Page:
Philadelphia School District officials waited more than a month to address warnings of possible asbestos contamination and exposure inside the gym at T.M. Peirce Elementary School in North Philadelphia.
The lack of urgency is a stark contrast to how the district responded last month to similar alarms at Meredith Elementary in South Philadelphia, where officials closed the gym to students and staff two days after an inspection found damaged asbestos pipe insulation there.
The district’s leadership has come under fire for its mishandling of asbestos contamination during construction at the shared Benjamin Franklin High School-Science Leadership Academy campus, resulting in the abrupt closure of the building and the relocation of 1,000 students. The closure followed heightened concerns about asbestos exposure after a longtime Meredith teacher was diagnosed with mesothelioma, a rare asbestos-linked cancer.
At Peirce, during a Sept. 16 union meeting, teachers voiced concern to Jerry Roseman, the Philadelphia Federation of Teachers environmental scientist, about damaged asbestos and flaking lead paint throughout the building.
Peirce’s physical education teacher said he was particularly worried about frayed asbestos on pipe insulation in the gym, a “high-activity" area easily struck by basketballs, where he had noticed debris on the floor. Afterward, Roseman inspected the gym and urged district officials to shut the space to students and staff, just as he had at Meredith, a school whose population is, on the whole, whiter and wealthier than Peirce’s.
On Sept. 18, State Sen. Sharif Street (D., Phila.), whose district includes Peirce, toured the school, which enrolls 437 students in grades K-6, stopping at the gym.
“I was very disturbed,” Street said Wednesday. “As best as I could tell, there was exposed asbestos that the children had access to, and there also appeared to be a significant amount of flaking lead paint. It seemed to be pretty rampant.”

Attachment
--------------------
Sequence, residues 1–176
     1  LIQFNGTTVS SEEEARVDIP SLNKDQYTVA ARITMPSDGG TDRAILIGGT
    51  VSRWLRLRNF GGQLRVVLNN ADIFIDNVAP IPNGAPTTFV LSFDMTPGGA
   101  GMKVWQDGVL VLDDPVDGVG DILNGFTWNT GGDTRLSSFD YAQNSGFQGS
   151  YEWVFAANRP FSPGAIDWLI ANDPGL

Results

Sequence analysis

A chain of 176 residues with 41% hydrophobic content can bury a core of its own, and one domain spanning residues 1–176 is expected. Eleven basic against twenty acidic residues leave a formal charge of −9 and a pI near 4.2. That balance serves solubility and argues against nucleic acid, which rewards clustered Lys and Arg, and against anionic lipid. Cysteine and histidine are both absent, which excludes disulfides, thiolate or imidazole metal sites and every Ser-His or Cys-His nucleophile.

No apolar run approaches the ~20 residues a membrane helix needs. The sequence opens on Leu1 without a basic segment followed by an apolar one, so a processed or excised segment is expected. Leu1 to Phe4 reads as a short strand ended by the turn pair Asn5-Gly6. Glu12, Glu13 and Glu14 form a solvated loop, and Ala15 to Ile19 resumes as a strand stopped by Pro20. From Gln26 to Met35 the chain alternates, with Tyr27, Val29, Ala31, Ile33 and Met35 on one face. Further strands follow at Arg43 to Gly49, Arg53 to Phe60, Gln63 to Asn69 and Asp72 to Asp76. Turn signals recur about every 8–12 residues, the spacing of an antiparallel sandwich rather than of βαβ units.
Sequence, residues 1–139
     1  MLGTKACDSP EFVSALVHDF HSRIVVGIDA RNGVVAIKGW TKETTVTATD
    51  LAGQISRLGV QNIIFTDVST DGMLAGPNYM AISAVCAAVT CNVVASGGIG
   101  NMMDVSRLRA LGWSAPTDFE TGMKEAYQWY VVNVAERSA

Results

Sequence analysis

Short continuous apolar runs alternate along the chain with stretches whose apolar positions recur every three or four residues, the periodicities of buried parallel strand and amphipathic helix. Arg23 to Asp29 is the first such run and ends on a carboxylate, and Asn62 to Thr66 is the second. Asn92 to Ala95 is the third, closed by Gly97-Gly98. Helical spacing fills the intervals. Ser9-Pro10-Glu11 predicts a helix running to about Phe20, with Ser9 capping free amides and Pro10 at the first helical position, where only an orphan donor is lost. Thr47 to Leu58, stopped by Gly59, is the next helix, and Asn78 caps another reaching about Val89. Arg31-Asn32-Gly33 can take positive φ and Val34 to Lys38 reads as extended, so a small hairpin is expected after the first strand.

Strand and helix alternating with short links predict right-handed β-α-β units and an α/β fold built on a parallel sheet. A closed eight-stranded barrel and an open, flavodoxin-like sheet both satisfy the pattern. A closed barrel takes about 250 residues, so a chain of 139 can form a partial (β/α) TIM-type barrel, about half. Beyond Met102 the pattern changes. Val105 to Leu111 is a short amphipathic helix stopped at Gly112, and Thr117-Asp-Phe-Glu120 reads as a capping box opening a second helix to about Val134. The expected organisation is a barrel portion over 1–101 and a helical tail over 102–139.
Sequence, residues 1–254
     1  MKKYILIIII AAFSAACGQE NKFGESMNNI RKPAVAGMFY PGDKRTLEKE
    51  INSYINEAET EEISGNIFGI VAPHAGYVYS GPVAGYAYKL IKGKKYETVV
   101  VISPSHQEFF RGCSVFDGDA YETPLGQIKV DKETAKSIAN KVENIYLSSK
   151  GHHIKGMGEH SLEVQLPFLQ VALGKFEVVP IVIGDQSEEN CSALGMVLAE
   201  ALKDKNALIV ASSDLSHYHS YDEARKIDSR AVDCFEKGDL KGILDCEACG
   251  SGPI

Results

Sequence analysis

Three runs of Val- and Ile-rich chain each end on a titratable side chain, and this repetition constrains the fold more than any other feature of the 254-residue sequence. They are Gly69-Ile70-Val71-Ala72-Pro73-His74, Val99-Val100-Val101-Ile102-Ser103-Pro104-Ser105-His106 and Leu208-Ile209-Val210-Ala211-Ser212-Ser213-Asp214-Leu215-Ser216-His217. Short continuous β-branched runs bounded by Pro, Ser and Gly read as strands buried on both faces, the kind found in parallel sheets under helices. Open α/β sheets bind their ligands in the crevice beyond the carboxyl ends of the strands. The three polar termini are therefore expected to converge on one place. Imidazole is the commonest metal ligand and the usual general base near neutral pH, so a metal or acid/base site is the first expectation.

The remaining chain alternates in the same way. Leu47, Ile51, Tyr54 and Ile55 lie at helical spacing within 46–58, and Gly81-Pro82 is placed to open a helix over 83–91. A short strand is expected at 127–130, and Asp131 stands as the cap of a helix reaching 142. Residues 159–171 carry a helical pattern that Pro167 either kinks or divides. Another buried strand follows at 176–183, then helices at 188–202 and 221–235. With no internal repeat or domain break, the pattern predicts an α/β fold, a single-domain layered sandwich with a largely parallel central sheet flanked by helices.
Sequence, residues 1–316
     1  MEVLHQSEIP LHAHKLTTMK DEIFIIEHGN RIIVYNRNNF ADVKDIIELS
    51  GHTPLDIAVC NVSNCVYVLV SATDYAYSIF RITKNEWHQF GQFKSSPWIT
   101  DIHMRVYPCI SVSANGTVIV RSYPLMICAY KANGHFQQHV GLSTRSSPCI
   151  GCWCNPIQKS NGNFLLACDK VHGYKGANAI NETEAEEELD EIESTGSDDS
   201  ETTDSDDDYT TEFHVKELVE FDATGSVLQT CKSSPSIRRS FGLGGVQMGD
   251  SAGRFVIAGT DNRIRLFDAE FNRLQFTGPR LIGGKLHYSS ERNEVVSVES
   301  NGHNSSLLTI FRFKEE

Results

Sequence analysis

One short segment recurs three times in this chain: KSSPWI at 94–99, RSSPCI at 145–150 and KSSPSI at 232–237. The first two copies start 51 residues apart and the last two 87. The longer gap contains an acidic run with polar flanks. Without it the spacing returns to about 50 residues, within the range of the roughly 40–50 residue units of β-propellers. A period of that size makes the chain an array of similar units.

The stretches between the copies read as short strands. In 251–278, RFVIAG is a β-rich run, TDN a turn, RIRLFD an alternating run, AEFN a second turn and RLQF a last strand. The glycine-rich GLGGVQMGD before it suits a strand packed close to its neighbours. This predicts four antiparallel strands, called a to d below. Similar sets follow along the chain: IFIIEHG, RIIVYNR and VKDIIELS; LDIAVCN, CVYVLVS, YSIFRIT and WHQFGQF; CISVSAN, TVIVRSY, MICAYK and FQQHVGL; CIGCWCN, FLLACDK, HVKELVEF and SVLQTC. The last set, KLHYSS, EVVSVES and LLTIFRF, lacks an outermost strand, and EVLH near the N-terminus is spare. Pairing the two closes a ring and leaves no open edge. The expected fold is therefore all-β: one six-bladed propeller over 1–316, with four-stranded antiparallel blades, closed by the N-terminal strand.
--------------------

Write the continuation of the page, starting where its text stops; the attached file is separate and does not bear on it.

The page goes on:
Street said he discussed his concerns with district and school board leaders, and they assured him something would be done. Roseman said he talked to the district about conditions at Peirce twice in September. On Oct. 1, Roseman followed up with an email to the district.
The district did not take action, however, and children spent Wednesday playing in the gym.
Antoine Little, a Peirce parent, was angered by news that damaged asbestos insulation was flagged as a health hazard in his children’s gym last month, but nothing has been done about it.
“I’m floored," Little said Thursday morning. “We haven’t received any notice of this.”
The Inquirer questioned the district about the damaged asbestos in Peirce’s gym on Wednesday. In an email that day, a spokesperson said the district was sending a third-party building inspector to Peirce on Thursday. That inspector is to come up with a plan to address the damaged asbestos pipe insulation. Generally, when damage is found in a “high-traffic area," such as a gym, the district’s environmental staff recommends complete removal of all asbestos material, the spokesperson said.
“There is a basic level of remediation that they should have already done,” Street said. “Certainly there has been an insufficient response. This is really bad, and I saw it, and I think it should be the highest priority.”
During the tour, Roseman, PFT president Jerry Jordan, and Street said they also saw flaking lead paint and unsealed lead abatement work areas just “feet from where children were learning,” Jordan later wrote.
When intact and in good condition, asbestos is not considered a health concern. But when damaged by pipe leaks, as was the case at Peirce, asbestos insulation is considered extremely hazardous because it can become “friable," or easily crumbled, releasing microscopic fibers that can cause cancer when inhaled.
A 2018 Inquirer investigation, “Toxic City: Sick Schools," revealed that the district can take months — and in some cases, years — to remove or repair damaged “friable” asbestos, even when its own environmental experts flag it as a “high priority” or an “imminent hazard.”
District officials have lamented that they’re saddled with aging buildings and hampered by a lack of funds and staff needed to adequately address an overwhelming amount of asbestos in most of its schools. The result is a haphazard response to damaged asbestos — an approach that has stirred already raw emotions about whether the district reacts more quickly to environmental problems when complaints are waged by highly vocal, organized parents at schools with a more affluent student population.
Sylvia Simms, a former School Reform Commission member, has nieces and nephews who attend Peirce. She said she was not surprised that damaged friable asbestos remained untreated for weeks at the school.
“Nobody is fighting for poor people,” said Simms. “Poor parents are not coming together on issues and concerns about our children. The district does whatever they want to us.”
A coalition of lawmakers, teachers, and parents has called for $100 million in additional state funds to remediate damaged asbestos and lead paint in every district school. The teachers’ union also has proposed an action plan aimed at addressing the district’s “asbestos crisis.”